Lakshmanan Krishnamurti, MD

“Krish” is both a hematologist with expertise in SCD and a blood and marrow transplant physician. He is the Director of Blood and Marrow Transplant Program for Children’s Healthcare of Atlanta and a Professor of Pediatrics at the Emory University School of Medicine. He leads several major clinical studies in SCD including a National Institute of Health funded, multicenter trial of bone marrow transplantation for young adults (STRIDE).

Shalini Shenoy, MD

Shalini is the director of the Stem Cell Transplant Program for St. Louis Children’s Hospital and a Professor of Pediatrics at the Washington University School of Medicine in St. Louis.  Widely respected in the field, she has been at the forefront of BMT for SCD for over a decade.  She Co-Chaired the recently completed National Institute of Health funded trial of unrelated transplantation for children with Sickle Cell Disease (SCURT).

Emily Riehm Meier, M.D.

Dr. Meier is a board certified pediatric hematologist/oncologist who has devoted her career to caring for patients with sickle cell disease. She attended medical school at the Indiana University School of Medicine. Dr. Meier completed her Pediatric Residency, Chief Residency and Hematology/Oncology fellowship at Children’s National Medical Center in Washington, D.C. After completing her fellowship, she remained at Children’s National as an attending physician in the Division of Hematology for 6 years prior to joining the team at the Indiana Hemophilia and Thrombosis Center in September 2015. She was a research fellow at the National Institutes of Health for 8 years while in Washington, DC, and was the Director of the Sickle Cell Program at Children’s National from 2011-2013. As Director, she implemented group clinic visits for newly diagnosed infants with sickle cell disease and their families as well as educational conferences for families and patients living with sickle cell disease to learn more about bone marrow transplant as a curative option.

Monica L Hulbert, M.D.

Monica is the director of the Pediatric Sickle Cell Disease Program at St. Louis Children’s Hospital and an Associate Professor of Pediatrics at Washington University School of Medicine. As program director, she developed and implemented a primary hematologist care model to improve continuity of care for children with sickle cell disease and oversaw the program’s expanded hydroxyurea use for primary prevention of sickle cell disease complications. Working with a collaborative group of neurologists and neuroimaging specialists at Washington University, her research interests are focused on understanding and treating neurological injury prevalent in children with sickle cell disease, specifically strokes and cerebral vasculopathy.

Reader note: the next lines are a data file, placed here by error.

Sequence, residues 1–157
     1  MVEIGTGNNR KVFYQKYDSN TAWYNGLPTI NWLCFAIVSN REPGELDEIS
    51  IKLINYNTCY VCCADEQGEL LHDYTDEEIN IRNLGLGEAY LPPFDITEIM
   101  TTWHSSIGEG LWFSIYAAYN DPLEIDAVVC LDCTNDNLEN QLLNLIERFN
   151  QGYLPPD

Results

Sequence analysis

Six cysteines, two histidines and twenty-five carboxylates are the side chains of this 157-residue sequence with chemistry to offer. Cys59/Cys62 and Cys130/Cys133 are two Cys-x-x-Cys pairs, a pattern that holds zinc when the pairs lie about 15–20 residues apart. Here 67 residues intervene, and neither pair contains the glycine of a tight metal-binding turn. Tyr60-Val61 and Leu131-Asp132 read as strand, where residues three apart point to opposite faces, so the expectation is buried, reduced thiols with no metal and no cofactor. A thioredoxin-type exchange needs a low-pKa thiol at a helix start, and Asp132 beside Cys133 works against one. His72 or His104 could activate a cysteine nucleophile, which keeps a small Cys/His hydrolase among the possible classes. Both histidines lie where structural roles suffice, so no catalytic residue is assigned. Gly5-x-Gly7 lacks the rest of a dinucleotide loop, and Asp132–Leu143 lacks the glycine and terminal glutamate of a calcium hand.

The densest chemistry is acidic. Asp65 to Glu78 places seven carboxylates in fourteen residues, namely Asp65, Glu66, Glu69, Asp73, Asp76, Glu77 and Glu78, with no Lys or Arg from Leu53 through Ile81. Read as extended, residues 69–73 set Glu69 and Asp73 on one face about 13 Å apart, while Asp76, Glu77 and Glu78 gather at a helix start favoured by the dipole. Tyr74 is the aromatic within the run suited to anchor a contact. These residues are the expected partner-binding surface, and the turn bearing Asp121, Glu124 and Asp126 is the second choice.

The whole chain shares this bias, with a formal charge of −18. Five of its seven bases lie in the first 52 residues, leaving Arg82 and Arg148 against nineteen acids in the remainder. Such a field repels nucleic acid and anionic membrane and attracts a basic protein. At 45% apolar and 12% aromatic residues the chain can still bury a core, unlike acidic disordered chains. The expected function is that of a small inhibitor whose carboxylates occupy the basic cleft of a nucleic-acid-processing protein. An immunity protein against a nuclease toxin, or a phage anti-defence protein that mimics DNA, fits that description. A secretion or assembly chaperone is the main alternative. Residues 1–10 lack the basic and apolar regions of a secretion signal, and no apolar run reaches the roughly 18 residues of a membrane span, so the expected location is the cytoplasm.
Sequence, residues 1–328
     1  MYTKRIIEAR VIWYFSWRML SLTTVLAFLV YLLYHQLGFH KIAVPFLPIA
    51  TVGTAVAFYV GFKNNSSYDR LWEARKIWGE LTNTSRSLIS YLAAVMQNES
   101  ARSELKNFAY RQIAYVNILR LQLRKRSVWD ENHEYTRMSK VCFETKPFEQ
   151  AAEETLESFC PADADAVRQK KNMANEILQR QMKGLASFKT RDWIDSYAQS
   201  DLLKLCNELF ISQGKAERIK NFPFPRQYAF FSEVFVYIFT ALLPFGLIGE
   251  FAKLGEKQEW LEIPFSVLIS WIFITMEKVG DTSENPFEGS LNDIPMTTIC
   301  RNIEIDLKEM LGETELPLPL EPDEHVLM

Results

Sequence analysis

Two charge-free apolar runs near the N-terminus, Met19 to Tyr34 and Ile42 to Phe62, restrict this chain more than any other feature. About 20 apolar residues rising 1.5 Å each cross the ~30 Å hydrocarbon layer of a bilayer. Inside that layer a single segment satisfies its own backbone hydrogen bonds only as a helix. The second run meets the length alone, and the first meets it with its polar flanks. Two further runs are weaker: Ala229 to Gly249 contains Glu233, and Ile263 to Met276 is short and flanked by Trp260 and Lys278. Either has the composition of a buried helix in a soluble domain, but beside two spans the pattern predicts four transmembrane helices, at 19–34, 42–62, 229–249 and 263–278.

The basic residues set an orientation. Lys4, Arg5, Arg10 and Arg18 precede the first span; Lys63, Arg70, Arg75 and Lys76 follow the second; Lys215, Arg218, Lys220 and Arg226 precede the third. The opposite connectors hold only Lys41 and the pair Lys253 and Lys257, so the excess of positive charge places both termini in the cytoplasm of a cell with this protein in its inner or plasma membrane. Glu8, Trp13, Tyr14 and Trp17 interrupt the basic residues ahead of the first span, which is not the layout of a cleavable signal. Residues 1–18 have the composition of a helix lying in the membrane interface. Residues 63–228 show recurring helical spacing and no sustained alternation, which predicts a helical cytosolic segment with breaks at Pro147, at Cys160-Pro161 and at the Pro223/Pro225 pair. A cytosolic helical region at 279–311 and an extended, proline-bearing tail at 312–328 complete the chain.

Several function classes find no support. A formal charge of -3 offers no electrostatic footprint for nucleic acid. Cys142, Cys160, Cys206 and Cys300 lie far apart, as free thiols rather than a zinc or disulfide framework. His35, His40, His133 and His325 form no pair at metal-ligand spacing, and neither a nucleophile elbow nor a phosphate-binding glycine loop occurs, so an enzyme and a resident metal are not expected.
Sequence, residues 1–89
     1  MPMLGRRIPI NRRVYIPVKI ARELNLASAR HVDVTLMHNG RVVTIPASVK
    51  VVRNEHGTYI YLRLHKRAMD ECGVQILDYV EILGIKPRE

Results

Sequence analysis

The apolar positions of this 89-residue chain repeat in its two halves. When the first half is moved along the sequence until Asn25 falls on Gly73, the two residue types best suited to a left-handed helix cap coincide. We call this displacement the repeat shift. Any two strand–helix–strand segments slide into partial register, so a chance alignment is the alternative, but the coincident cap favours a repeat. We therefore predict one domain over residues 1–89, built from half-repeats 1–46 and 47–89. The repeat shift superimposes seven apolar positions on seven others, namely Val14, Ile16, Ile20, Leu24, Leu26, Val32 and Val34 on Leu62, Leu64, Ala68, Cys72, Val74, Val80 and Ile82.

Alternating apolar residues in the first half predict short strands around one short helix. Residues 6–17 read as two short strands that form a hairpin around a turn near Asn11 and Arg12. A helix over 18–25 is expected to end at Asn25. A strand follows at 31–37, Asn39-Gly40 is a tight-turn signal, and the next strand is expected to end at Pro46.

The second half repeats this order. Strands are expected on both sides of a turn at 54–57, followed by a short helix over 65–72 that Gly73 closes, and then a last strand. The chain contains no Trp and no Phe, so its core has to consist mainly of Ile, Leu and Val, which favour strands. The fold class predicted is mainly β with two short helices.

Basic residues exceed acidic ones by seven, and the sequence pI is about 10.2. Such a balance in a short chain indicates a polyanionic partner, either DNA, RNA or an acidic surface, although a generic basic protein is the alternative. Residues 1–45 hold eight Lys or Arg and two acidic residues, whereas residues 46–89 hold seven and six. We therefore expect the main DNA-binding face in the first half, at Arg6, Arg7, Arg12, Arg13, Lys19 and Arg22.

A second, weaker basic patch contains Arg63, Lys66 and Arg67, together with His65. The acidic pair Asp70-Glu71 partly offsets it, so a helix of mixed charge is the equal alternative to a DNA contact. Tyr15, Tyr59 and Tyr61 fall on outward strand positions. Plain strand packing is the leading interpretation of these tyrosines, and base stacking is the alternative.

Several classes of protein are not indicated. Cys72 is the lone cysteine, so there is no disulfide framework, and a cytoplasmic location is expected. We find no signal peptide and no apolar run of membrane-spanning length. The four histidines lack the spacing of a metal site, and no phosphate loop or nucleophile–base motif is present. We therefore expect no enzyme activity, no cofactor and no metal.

Alexander Ngwube, M.D.

Alex is an Assistant Professor of Pediatrics at the University of Arizona/Phoenix Children's Hospital in Phoenix, Arizona, where he leads the sickle cell pediatric blood and marrow transplant program and works closely with the comprehensive hemoglobinopathy clinic in Phoenix, Arizona.

His research interests include acute and late toxicities of blood and marrow transplantation, supportive care and improving the safety of transplantation for pediatric non-malignant diseases, especially sickle cell anemia.

Alex obtained his medical degree from Nnamdi Azikiwe University in Nigeria and subsequently performed his pediatric residency training at Medical University of South Carolina. He completed his training in pediatric hematology and oncology at the Washington University in St. Louis/St Louis Children’s Hospital and his training in blood and marrow transplantation fellowship at Baylor University/Texas Children’s Hospital.

Michelle Lee, MD, PhD

Michelle Lee is an Instructor in the Pediatric Stem Cell Transplant Program at Dana-Farber Cancer Institute and Boston Children's Hospital where she completed fellowship training in Pediatric Hematology-Oncology. She is also an Assistant Physician in Pediatrics at Harvard Medical School. She graduated from Spelman College in Atlanta, Georgia, before she earned MD and PhD degrees from Harvard Medical School. Then she completed internship/residency training at The Children's Hospital of Philadelphia.

Michelle has developed clinical expertise in transplantation for non-malignant conditions including sickle cell disease. Her goal is to make transplant safer so that it can be utilized more readily as a treatment to cure children with sickle cell disease. More broadly, her interest is in improving transplant outcomes for persons of diverse racial and ethnic backgrounds, in particular those of African descent.